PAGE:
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Endocrine Abstracts (2013) 32 P176 | DOI: 10.1530/endoabs.32.P176

1Medical Research Laboratories, Department of Endocrinology and Internal Medicine, Aarhus, Denmark; 2Department of Radiology, Cambridge University Hospitals, Cambridge, UK; 3Department of Molecular Medicine, Aarhus University Hospital, Aarhus, Denmark; 4Department of Cardiology, Aarhus University Hospital, Aarhus, Denmark.

Objective: QT interval prolongation of unknown aetiology is common in Turner syndrome (TS). This study set out to explore the presence of known pathogenic long QT (LQT) mutations in TS and to examine the corrected QT interval (QTc) over time and relate the findings to the TS phenotype.

Methods: Adult females with TS (n=102) were examined thrice with a mean follow-up of 4.7±0.5 years, and 68 age-matched healthy controls were examined once. QTc was measured by one blinded reader (intra-reader variability: 0.7%), and adjusted for influence of heart rate by Bazett’s (bQTc) and Hodges’s formula (hQTc). The prevalence of mutations in genes related to Long QT syndrome (LQTS) was determined in females with TS and a QTc >432.0 ms. Echocardiographic assessment of aortic valve morphology, 24-h blood pressures and blood samples were done.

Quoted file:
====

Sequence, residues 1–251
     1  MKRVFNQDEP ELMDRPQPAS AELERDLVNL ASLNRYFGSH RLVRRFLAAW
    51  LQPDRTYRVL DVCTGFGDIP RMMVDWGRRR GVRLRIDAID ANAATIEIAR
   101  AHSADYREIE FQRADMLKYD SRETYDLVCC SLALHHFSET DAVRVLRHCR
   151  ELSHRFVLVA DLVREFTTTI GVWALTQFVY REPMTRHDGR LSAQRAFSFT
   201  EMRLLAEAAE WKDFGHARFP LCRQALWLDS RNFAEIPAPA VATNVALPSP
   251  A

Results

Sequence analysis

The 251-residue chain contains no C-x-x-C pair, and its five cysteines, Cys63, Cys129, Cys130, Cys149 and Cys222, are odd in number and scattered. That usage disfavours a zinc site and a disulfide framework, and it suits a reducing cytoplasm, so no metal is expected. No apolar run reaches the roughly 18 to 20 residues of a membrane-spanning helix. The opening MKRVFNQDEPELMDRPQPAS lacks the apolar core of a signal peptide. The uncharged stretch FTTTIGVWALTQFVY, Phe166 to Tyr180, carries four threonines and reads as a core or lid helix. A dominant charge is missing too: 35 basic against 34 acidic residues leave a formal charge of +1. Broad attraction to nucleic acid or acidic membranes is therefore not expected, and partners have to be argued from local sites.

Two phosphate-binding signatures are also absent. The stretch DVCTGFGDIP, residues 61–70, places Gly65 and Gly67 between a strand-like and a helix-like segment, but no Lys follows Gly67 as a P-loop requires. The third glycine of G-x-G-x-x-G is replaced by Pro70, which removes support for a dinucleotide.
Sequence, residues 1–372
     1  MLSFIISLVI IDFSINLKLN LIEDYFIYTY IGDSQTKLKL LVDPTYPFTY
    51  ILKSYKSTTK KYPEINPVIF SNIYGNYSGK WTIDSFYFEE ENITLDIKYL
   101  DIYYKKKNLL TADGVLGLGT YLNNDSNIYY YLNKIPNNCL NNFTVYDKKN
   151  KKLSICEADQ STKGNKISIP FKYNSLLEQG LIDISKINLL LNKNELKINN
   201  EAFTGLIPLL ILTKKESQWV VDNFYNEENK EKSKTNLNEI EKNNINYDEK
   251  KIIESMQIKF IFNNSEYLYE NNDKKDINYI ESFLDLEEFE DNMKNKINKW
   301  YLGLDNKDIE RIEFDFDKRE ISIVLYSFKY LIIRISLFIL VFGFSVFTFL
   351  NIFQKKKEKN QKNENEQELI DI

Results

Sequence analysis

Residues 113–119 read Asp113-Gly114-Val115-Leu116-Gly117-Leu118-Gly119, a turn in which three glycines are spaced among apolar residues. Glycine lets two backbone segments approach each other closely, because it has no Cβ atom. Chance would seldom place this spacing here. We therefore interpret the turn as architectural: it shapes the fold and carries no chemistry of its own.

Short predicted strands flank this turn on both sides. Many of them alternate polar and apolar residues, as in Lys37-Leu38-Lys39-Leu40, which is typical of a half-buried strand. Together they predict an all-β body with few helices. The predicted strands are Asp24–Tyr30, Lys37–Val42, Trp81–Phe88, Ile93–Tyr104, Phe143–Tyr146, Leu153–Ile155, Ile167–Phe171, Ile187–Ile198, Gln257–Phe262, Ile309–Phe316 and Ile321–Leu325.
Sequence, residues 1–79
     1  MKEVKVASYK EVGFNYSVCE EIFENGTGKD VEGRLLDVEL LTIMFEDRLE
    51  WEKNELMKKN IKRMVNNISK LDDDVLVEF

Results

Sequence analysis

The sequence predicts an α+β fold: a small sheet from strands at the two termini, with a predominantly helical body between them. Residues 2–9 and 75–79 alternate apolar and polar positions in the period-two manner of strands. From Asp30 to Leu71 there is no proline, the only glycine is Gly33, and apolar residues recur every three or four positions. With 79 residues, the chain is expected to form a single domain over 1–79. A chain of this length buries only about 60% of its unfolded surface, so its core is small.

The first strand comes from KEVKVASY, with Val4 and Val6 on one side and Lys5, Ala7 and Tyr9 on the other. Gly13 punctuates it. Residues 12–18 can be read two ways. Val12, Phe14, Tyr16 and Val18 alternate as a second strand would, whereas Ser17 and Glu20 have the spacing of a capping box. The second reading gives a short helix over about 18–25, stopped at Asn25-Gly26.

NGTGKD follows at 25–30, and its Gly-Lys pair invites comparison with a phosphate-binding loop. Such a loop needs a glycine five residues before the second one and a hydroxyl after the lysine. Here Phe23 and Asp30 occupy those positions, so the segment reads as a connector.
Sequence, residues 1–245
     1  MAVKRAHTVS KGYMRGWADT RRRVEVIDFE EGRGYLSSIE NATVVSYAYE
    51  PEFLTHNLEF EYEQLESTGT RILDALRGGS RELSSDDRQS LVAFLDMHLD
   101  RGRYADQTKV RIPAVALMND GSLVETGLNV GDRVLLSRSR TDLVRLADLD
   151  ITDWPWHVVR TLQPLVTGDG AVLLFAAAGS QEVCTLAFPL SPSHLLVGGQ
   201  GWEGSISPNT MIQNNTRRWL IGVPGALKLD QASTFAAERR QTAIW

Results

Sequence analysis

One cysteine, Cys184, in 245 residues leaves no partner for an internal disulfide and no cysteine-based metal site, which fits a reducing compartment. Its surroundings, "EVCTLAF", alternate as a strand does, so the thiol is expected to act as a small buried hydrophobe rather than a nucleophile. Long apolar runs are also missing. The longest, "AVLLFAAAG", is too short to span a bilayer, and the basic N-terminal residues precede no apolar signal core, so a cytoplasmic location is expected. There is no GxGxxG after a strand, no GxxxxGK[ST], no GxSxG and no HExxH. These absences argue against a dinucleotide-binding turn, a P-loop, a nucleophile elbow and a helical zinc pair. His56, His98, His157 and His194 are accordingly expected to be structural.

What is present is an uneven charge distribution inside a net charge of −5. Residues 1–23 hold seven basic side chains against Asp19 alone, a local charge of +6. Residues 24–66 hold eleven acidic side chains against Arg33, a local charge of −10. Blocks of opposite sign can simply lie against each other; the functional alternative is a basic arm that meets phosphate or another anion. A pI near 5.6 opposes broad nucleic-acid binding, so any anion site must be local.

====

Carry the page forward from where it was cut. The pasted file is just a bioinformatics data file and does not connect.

Results: The mean hQTc in females with TS (414.0±25.5 ms) compared to controls (390.4±17.8 ms) was prolonged (P<0.001) and did not change over time (416.9±22.6 vs 415.6±25.5 ms; P=0.4). 45,X karyotype was associated with increased hQTc prolongation compared to other TS karyotypes (418.2±24.8 vs 407.6±25.5 ms; P=0.03). In females with TS and a bQTc >432 ms, seven had mutations in major LQTS-genes (SCN5A and KCNH2) and one in a minor LQTS-gene (KCNE2).

Conclusion: The prevalence of mutations in major LQTS genes was strikingly high for females with TS and the longest QTc interval.

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